I have had very difficult situations with my boss recently, with whom I have worked almost for a year. The recent events made me realize that she had created a hostile work environment for me and demonstrated abusive behaviors for a long time.

Previously I thought it was just misaligned expectations and unmatched communication style. I was new to my function so I also thought maybe I wasn't able to perform well enough. She was recently promoted so maybe I should give her some benefits of doubt and provide specific feedback to help her grow as a manager as well.

So in the past 11 months I've tried my best to communicate with her, set better boundaries, document everything so that we could have fact-based conversations. Went to training sessions to learn how to give feedback. Also worked really hard to perform better and match her expectations. We have started plans towards a promotion for me over the past quarter, and the general feedback from my team has been positive for two quarters. But it doesn't seem her behavior is changing any time soon.

A few examples of her behavior:

  • It happens almost in every meeting with her that she'd make false accusations about me. "This update looks exactly like last time”, “Your team doesn't know what you are doing”, “You have only finished 1-2 things last quarter”. Those comments were made so suddenly, so off from the fact or my perception of what we had agreed on, with such a harsh accusatory tone, that it always threw me off balance a bit on the spot. It took me a while to know how to fight back and always keep things in a mental log as well as in writing. She never apologized unless I confronted her.
  • When I confronted her with above comments and stated very clearly the impact he behavior has made on me, she would listen, apologize, but then quickly turn the conversations around and blame me for having made her feel frustrated earlier for some other reasons. For me it should be a totally separate event and without specifics I couldn't even defend myself. Again, I was left feeling very rattled, worse than before the conversation. There was very little understanding or empathy and the conversation almost certainly would derail somewhere without having any real resolutions to the issue I raised at the end.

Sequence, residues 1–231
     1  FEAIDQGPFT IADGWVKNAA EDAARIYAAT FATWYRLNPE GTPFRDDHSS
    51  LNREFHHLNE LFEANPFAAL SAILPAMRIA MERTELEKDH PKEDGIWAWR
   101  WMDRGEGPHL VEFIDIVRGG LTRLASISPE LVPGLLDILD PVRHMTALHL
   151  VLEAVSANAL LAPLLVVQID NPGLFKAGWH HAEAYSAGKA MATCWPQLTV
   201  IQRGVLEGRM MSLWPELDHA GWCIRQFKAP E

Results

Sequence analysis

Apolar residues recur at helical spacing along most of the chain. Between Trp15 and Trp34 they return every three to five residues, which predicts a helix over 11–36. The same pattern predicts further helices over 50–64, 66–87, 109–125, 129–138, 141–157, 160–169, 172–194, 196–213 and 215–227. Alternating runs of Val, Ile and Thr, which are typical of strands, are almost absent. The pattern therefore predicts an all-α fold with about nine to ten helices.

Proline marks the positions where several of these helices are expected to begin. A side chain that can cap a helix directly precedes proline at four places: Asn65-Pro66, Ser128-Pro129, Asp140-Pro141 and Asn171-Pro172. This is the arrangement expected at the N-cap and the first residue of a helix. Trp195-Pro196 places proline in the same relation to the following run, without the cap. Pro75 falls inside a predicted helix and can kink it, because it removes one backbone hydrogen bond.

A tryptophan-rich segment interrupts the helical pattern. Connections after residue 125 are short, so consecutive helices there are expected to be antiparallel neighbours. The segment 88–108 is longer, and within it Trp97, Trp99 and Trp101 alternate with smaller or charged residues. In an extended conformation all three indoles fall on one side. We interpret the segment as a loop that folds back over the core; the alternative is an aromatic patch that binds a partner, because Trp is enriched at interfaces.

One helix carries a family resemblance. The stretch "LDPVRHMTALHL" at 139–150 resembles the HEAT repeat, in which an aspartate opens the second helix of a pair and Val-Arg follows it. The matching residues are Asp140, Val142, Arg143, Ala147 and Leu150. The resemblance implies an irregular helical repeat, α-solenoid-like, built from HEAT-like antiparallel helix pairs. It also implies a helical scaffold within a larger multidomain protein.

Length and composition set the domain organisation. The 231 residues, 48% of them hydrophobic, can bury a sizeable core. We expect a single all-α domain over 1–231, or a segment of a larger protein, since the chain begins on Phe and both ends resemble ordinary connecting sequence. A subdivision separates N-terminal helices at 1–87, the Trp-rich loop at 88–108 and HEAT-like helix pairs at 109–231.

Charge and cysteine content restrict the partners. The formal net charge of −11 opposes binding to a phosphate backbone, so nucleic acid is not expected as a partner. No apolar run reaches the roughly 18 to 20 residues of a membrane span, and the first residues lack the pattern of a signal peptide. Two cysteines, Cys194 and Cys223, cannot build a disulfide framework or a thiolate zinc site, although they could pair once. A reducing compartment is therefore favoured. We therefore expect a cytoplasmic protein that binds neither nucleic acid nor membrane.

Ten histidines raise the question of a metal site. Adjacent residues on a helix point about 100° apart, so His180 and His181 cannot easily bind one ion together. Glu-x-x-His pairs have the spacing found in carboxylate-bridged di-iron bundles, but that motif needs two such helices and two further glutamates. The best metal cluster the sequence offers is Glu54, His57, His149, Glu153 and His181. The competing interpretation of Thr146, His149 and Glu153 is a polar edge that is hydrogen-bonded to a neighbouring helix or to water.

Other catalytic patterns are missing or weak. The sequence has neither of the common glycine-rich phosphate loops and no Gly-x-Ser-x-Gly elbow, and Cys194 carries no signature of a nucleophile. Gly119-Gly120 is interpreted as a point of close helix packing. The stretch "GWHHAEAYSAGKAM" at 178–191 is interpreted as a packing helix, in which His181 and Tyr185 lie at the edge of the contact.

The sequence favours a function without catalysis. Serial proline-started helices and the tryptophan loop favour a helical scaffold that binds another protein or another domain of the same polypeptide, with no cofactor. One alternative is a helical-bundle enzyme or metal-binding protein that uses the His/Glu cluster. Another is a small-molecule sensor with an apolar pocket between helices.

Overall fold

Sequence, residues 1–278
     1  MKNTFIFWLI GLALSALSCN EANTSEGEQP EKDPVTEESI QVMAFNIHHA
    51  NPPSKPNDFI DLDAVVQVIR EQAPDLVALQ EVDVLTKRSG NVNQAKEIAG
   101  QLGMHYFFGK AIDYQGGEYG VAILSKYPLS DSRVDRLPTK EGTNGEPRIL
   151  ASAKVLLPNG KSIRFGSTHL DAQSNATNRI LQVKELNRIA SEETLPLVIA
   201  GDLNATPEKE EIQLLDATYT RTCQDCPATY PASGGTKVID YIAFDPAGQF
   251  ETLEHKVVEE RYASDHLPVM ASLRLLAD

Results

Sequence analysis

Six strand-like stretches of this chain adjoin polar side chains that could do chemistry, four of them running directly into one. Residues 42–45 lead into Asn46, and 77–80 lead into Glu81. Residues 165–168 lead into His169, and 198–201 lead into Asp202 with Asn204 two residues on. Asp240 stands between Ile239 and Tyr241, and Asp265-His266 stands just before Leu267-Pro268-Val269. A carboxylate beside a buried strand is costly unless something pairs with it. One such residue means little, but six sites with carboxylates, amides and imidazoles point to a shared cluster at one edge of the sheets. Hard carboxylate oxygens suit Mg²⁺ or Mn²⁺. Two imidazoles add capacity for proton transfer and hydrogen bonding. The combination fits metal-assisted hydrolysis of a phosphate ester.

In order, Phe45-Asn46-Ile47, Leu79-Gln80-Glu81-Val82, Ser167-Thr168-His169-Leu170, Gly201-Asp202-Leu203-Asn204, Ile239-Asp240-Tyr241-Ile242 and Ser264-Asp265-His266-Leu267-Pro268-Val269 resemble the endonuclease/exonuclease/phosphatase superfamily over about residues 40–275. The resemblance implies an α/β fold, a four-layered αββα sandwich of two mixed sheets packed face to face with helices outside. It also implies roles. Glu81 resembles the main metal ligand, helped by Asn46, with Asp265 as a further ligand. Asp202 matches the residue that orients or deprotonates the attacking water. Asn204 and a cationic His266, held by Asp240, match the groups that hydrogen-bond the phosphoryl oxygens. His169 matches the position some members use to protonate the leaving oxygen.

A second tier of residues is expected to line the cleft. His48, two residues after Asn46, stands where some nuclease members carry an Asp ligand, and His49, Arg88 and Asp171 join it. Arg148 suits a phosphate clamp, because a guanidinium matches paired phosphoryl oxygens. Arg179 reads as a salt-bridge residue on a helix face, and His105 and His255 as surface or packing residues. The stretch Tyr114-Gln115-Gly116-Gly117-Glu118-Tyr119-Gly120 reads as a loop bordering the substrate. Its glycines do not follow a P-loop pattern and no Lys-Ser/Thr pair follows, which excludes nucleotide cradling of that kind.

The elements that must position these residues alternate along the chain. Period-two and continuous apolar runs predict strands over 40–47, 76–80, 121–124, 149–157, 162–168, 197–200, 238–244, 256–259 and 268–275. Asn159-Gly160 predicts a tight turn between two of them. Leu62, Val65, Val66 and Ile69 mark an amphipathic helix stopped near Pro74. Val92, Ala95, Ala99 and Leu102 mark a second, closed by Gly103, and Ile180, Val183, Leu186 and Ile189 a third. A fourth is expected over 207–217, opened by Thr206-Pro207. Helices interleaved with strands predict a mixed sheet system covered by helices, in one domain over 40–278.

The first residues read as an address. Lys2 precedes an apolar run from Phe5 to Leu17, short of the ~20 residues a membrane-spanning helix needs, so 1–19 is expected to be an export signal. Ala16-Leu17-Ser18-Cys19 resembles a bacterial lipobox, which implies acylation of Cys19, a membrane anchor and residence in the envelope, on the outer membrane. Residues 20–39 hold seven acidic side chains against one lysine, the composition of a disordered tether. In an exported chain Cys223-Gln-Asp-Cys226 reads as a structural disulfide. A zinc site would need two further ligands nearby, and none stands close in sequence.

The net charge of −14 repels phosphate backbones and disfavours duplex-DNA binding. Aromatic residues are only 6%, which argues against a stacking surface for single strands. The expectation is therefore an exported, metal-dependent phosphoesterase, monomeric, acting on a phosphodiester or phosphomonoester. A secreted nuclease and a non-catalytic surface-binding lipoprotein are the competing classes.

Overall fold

• She would talk about the negative feedback other people gave her about me without specifics, impossible for me to defend myself or find out what's really happening. When we disagreed on something, instead of walking me through her thought process, she used to pressure me into agreement by telling me how other senior stakeholders had been frustrated or disappointed about my performance -- until I took those relationships in my own hands.

Working with her has really taken a toll on my mental health and my productivity. Especially this week after a few roller-coaster conversations with her, I found my whole body aches, I couldn't concentrate at work, my energy level and even my voice became much lower than before. I certainly cried more than I would want to admit. I have reached out to our company's employee assistance program and scheduled a therapy session as I didn't feel I could make past this week by myself.

Question: What should I do both immediately and in a 2-3 month range? What leverage and consequences I should be aware of if I haven't been already?

I have decided it's not acceptable for me to work like this. I would like to immediately stop working with her tomorrow if possible. Generally the company is pretty flexible in terms of rotation and changing teams. But I have a special situation where I might be moving to another office in another country in 2-3 months. The plan hasn't fixed yet, and there is a chance that I might stay here for another year. My concern about switching teams now is that I'll have to let the new team know this possibility of me leaving after such short time on-board and I'm not sure if any teams would take that. Also, I'm worried that it'd add much more work on my plate to switch to a new team right before the possible international relocation.